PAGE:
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    Entries in Google Voice (2)


    Will Google Kill Telecom?

    Thanks Mashable!

    This is Part 1 of a two part series on Google Voice in Canada. Part 2 will theorize on what the impacts will be on Canadian Telecom when Google offers Canadian phone numbers.



    This week’s announcement of Google Voice integration with Gmail, with free calling and free long distance is perhaps one of the most controversial moves yet by an Internet company to change the telecom industry. Free computer to computer calling (a la Skype) isn’t problematic, it’s when free extends to long distance and calls to to the PSTN (public switched telephone network) that the Google service gets spooky.

    Telecommunications companies around the world continue to invest billions of dollars into *the last mile*, that’s the distance from your house back to their closest switching office. Folks with a regular telephone (as opposed to a VoIP phone) rely on that last mile to make and receive telephone calls. Despite pushes to move everything to the Internet, that last mile is going to be important for a long time to come. 

    If Google is offering free calls to the last mile (this is called call termination), you know they aren’t paying [hardly] anything to the carrier who is actually providing that last mile call termination. They’ve managed to strong arm someone into offering it at no charge, perhaps in exchange for some other service.  Where it gets very spooky is with Long Distance Termination. Again - free over Google, but there is a real and true cost to terminate a call to a standard telephone in Canada and the United States.  If no one is paying for that call, then the local carrier is losing money, and has less revenue to be able to maintain their local telephone network.


    Let’s look at an example:  I called my PRIMUS phone from Gmail. The call routed from Google, through Verizon, up to Allstream, and then down to Primus. All for free to me. Perhaps Google did indeed pay Verizon something, who had to then pay Allstream, and lastly Primus. And this is the call flow for a VoIP call, where most of the routing bypasses the local mile of infrastructure, since my Primus phone is layered on top of my Rogers Broadband connection. Confused yet?

    If I call my Bell phone line from Gmail [yup, 2 carriers in this house - diversity and redundancy is important with 2 teleworkers under the same roof], the call still starts in the US, at Google’s data centre, heads off to Verizon, up to Bell Canada, and then down my little copper wires from the Richmond Hill Bell wire centre. If there’s no costs to the user [me], then there are no revenues flowing to Verizon to maintain their interconnection with Bell, and no revenues to make sure my little copper wires from the Bell wire centre stay nice and healthy, or get upgrades when needed. At some point, in the not-too-distant future, there won’t be any money left to manage, maintain and upgrade the public telephone network.  That’s all well and good if EVERYONE in the world has migrated to VoIP service over Broadband Internet, but not so good if you are a carrier who has to maintain 2 networks, one for VoIP and one for the public telephone network. It’s certainly bad news if you have to rely on the public telephone network for your phone services.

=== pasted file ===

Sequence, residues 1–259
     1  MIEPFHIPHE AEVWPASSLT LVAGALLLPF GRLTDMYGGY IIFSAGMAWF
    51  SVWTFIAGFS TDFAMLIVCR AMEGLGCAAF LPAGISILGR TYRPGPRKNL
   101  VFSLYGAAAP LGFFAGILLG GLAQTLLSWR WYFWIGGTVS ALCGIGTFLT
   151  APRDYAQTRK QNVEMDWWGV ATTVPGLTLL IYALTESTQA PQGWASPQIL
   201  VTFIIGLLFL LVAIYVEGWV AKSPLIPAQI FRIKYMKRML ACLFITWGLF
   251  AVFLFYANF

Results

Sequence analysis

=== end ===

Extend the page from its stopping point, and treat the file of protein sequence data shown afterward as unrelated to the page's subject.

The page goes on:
At some point, carriers will realize that getting into bed with Google is going to destroy the telecom industry. Everything will be free, for a while. Then everything will be bad, very bad.  Right now, Google can only offer outbound free dialling from Gmail. Just wait until Google gets its hands on Canadian phone numbers. I can only hope that it won’t be a free service too.


    Canada Gets the Cold Shoulder by Voice Apps

    A few years ago I was mesmerized by the idea of Grandcentral coming to Canada, but then all went quiet… Shortly thereafter, Grandcentral was purchased by Google, and boy! For sure they will expand to Canada now!

    Grandcentral became Google Voice, and in the past few months Google Voice has come back into the limelight, but still no love for Canada.

    Skype could have been a contender, with its SkypeOut capabilities. Still, no maple leafs for Skype.

    Why are global providers deciding to leave Canada on the backburner? We can blame the recession for a certain amount of hesitation on the lack of movement, but the biggest trick is that it’s expensive to open up a *free* voice service in Canada. Even if there’s a monthy service fee, our carriers aren’t yet really ready to push IP to the PSTN. Carriers aren’t all that keen to give away market share at rock bottom prices, and for Google or Skype to try and build their own networks, the geography and addressable market for the service isn’t all that lucrative.

    Canadians interested in next gen voice apps are going to have to sit tight, consider a foreign phone number, or even a change of address. ;-)

    It’s not going to be until the CRTC changes foreign ownership and competitive influences that there will be changes driven into the way technologies are delivered to the consumer. It’s an eventuality, perhaps even in my lifetime.